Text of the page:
Additionally, while we believe that the plaintiff could have had a fairer hearing had he been given the opportunity to call all of his witnesses, Officer Parrot, the hearing officer, did not violate the minimal Supreme Court requirements by selecting which witnesses he would call. In Wolff v. McDonnell, 418 U.S. 539, 94 S.Ct. 2963, 41 L.Ed.2d 935 (1974), the Court held that "the inmate facing disciplinary proceedings should be allowed to call witnesses and present documentary evidence in his defense when permitting him to do so will not be unduly hazardous to institutional safety or correctional goals." Id. at 566, 94 S.Ct. at 2979. This seminal decision provided prison authorities with broad discretion stating that "officials may deny an inmate's request to call witnesses whether it be for irrelevance, lack of necessity or the hazards presented in individual cases." Id. at 566, 94 S.Ct. at 2980. Hence, though the denied witnesses might have provided testimony to exculpate Afrika, Afrika was not entitled to the "full panoply of rights due a defendant in a criminal prosecution." Id. at 556, 94 S.Ct. at 2975. The hearing officer's denial based on "irrelevance" and sufficient corroboration from those witnesses already called meets the bare minimum required by Wolff. Thus no due process violation took place at Afrika's hearing.

Recently the Second Circuit decided a case very much like plaintiff's in which a hearing officer denied additional witnesses because he felt their testimony would be redundant and would "jeopardize institutional efficiency." Fox v. Coughlin, 893 F.2d 475 (2nd Cir. 1990). Even though the hearing officer did not define the jeopardy to the institutional interest, the Second Circuit held that under the Wolff standard this was a constitutionally sufficient reason for denial. The court expressed skepticism about the hearing officer's justification for denying additional witnesses: "[H]ere the hearing officer had no reason to believe the testimony of the two officers would be redundant . . . [T]he only basis for the officer's decision was that Spreer and McCaffey endorsed the Report, which alone is insufficient to conclude their testimony would be cumulative . . . Nor did Fox pose any threat to institutional safety." Id. at 478. Nonetheless, the court deemed itself to be bound by the flexible standard of Wolff and thus did not find a due process violation.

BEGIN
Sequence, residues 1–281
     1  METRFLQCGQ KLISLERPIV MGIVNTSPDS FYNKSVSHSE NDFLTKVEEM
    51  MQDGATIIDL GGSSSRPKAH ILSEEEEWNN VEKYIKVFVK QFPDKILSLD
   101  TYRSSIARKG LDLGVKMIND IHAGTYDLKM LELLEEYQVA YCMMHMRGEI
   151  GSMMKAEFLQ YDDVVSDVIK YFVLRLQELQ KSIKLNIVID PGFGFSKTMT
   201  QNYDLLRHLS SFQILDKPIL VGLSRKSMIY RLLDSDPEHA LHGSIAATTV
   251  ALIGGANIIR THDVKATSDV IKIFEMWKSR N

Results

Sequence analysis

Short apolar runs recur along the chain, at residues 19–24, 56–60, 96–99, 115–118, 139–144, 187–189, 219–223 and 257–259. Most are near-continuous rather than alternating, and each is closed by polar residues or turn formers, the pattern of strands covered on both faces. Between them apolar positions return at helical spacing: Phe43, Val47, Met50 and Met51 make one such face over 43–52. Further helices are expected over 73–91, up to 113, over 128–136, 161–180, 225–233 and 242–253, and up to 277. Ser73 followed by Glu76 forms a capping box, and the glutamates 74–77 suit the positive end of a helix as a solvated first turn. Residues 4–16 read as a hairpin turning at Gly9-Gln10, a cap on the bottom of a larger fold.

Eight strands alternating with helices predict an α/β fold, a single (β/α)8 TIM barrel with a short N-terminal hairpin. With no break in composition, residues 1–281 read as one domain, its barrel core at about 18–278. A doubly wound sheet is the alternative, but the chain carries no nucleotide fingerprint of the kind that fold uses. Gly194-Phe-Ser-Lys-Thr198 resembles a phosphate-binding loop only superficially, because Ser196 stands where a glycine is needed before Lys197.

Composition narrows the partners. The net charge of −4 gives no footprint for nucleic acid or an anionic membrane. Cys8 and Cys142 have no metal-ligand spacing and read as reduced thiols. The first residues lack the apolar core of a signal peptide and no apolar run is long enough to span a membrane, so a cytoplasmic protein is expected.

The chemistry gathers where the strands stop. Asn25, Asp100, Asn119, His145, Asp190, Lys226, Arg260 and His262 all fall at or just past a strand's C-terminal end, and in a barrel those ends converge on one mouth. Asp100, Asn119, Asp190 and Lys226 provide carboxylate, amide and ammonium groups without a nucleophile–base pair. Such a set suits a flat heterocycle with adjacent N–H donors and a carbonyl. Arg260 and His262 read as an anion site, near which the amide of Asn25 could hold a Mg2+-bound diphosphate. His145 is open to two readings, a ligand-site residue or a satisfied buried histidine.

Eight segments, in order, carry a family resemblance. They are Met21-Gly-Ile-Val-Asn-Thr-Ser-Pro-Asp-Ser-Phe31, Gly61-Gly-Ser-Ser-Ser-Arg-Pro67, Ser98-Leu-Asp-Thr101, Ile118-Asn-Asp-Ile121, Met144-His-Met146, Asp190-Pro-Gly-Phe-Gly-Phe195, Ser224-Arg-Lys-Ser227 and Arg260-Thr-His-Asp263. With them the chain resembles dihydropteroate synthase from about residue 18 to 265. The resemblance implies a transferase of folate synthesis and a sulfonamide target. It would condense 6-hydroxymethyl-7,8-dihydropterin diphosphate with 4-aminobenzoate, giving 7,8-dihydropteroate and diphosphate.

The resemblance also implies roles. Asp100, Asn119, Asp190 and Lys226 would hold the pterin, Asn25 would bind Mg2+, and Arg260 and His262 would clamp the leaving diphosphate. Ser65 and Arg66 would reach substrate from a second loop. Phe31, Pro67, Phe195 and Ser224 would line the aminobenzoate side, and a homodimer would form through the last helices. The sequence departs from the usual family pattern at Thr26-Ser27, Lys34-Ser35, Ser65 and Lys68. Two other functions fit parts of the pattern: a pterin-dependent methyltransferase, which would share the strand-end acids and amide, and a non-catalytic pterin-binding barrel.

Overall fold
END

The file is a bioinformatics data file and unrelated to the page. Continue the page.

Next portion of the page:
Courts have found violations of due process in cases where the prisoner had neither ample notice nor the opportunity to call any witnesses at all. Patterson v. Coughlin, 761 F.2d 886 (2nd Cir. 1985). Additionally, courts have concluded that administrators violate the right to due process when a defendant is not advised of his right to witnesses and is sentenced to disciplinary confinement without the benefit of a fair hearing. Williams v. Smith, 781 F.2d 319 (2nd Cir. 1986). In this case, however, Afrika did call witnesses, none of whom were too helpful to his case. When the hearing officer had determined that further witnesses would be "irrelevant," he was entitled to deny Afrika's request. "The extraordinarily difficult undertaking of running a prison requires that prison administrators be afforded a broad range of discretion." Morrison v. Lefevre, 592 F. Supp. 1052, 1071 (S.D.N.Y. 1984). "In determining whether a prison disciplinary committee properly excluded a witness from a hearing, because of the exigencies of the prison environment, and the need for prison officials to maintain safety and discipline, a reviewing court must accord due deference." Freeman v. Rideout, 808 F.2d 949, 954 (2nd Cir. 1986). This court then, must respect the hearing officer's judgment absent a flagrant due process violation. We find that Afrika sustained no due process deprivation by virtue of his inability to call all of the witnesses of his choice.